Showing all articles tagged 'Ancient Egypt'
Ancient Egyptian jewellery is famous for its beauty, elegance and colour; but what was the symbolic meaning of different colours and designs, and how did fashions change over time?
Through their hairstyles and wigs, still visible in art and preserved on mummies, much can be gleaned about the ancient Egyptians' fashion, health, diet and lifestyle across time.
With similarly unusual shapes and multifaceted meanings, the protective amulets worn by the ancient Egyptians are not so different from those seen across Egypt today.
Since the opening of Tutankhamen's burial chamber in 1923, the painted scenes have deteriorated. Now, a facsimile tomb, made using the latest 3D scanning technology, could provide the key to saving this tomb, as well as others in the Valley of the Kings and Queens.
The pharaohs are often presented as wise leaders, great warriors, and perfect priests, but such presentations are based on ideological propaganda, and might be far removed from reality. In this article, we delve into the human side of the pharaoh, recreating a typical day in the life of a New Kingdom ruler.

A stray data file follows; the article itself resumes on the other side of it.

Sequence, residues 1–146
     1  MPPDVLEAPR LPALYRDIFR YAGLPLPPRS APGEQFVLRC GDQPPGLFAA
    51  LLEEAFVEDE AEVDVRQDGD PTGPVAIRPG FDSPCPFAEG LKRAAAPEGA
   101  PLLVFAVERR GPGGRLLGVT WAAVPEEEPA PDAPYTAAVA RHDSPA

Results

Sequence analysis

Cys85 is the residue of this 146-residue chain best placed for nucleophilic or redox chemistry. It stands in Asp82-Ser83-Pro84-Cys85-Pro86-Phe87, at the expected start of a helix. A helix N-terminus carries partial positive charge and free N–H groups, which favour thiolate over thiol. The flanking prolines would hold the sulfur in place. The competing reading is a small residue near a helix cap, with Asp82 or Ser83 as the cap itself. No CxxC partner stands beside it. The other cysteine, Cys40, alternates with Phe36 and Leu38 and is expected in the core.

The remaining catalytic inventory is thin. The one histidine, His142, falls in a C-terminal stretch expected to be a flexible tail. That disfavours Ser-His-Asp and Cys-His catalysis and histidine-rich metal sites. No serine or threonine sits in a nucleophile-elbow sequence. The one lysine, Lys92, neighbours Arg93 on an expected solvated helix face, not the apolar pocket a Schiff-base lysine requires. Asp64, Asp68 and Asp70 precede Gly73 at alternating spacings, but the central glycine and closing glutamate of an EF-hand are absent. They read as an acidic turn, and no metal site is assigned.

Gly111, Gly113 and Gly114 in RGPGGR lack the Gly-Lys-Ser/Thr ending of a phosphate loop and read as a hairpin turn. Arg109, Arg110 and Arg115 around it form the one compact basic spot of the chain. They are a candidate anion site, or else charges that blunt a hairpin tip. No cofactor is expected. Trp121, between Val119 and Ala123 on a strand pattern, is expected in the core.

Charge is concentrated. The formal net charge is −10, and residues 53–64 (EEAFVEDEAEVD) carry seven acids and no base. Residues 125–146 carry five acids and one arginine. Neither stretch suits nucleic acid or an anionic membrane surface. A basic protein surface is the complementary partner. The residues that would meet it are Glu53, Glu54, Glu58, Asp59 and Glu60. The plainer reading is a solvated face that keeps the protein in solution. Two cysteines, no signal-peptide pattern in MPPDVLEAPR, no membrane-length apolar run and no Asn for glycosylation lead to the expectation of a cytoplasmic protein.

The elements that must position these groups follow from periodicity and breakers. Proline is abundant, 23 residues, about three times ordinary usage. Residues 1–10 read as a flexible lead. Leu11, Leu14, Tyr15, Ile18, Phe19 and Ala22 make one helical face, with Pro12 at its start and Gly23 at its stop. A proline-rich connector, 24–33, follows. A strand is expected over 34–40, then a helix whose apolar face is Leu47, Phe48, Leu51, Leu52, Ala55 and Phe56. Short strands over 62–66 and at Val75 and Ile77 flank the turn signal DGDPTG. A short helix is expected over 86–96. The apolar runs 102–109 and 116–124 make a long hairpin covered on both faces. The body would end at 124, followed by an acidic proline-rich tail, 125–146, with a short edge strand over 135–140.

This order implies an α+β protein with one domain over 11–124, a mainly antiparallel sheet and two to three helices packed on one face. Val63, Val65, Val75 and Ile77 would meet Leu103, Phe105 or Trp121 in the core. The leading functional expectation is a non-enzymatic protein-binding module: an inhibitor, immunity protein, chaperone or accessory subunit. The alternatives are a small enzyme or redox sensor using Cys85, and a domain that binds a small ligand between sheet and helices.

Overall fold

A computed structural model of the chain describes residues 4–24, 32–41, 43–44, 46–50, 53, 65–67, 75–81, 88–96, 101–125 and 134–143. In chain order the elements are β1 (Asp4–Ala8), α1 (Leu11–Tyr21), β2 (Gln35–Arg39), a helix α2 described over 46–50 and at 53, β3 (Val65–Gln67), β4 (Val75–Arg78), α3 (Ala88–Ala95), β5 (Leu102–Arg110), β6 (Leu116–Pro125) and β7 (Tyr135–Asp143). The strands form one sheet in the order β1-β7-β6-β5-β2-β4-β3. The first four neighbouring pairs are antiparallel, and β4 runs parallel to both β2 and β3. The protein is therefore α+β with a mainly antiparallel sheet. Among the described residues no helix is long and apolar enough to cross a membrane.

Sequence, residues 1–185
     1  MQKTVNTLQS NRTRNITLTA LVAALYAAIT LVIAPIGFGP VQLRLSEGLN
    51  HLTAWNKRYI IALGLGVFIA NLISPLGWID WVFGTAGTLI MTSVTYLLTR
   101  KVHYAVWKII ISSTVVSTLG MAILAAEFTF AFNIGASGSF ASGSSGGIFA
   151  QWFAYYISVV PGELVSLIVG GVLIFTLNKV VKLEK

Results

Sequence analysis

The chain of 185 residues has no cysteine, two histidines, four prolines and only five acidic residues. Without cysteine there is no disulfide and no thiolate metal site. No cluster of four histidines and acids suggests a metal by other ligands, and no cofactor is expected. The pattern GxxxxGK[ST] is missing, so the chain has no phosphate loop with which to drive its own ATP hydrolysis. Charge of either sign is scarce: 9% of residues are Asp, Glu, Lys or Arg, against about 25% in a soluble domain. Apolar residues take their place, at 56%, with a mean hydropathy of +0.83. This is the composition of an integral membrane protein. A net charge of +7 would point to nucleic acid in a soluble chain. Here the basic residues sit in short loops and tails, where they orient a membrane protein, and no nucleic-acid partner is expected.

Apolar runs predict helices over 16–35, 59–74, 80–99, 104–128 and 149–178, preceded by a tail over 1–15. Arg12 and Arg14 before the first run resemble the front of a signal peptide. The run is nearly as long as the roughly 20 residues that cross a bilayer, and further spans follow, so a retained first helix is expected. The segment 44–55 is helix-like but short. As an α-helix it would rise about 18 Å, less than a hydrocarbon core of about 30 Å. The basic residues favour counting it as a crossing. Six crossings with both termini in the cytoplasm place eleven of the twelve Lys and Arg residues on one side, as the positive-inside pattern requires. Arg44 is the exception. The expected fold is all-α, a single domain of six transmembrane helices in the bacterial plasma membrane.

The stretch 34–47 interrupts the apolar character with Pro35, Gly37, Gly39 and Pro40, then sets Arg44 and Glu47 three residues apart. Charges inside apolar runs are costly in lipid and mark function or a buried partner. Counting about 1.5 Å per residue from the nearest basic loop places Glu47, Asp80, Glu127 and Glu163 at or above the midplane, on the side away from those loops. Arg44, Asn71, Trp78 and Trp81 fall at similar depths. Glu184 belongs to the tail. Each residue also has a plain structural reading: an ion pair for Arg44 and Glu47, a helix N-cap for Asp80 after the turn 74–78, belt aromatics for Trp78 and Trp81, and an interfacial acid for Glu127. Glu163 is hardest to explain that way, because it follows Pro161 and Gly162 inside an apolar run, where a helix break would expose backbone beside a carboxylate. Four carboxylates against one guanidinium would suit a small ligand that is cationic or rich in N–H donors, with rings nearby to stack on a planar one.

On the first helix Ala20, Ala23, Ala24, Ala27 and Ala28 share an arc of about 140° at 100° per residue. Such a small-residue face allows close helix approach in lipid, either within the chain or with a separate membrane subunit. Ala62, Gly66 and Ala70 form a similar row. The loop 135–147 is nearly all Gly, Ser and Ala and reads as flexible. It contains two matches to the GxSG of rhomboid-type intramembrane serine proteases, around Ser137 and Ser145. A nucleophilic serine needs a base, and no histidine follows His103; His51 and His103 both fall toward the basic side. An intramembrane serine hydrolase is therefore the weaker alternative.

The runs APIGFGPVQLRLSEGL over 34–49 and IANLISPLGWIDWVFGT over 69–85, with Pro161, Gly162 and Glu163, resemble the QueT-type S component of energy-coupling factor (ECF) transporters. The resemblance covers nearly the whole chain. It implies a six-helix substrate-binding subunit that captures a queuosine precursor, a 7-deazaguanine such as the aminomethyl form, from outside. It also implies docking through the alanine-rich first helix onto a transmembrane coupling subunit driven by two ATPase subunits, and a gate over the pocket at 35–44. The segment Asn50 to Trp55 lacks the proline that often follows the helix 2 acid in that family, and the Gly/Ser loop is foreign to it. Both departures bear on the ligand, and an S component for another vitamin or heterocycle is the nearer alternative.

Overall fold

Egypt's cultural identity is threatened by the recent widespread looting and destruction of its archaeological sites. But why do people loot their own fragile heritage? Are local communities to blame for such widespread acts of cultural vandalism? Or is the problem far more complex?
Why did the ancient Egyptians use onions during mummification? How would the victorious Egyptian king count the dead after a battle? We answer these and other fascinating questions in our trivia round-up.
Of all the mummies at the museum in Cairo, the sight of this one will make you shudder. Seqenenre Tao’s face, twisted from suffering excruciating pain, has been frozen in that state for almost three thousand years. The story of his death is not for the faint of heart.
Graffiti has always existed in Egypt in one form or another, and, thanks to the proliferation of this form of visual representation, the country itself has sometimes been referred to as ‘the classical land of graffiti’.
Our knowledge of life in ancient Egypt is derived chiefly from the reliefs and contents of the tombs of the nobles at Giza, Saqqara and Luxor. They provide a rich saga of the daily lives of wealthy families as well as of poorer folk.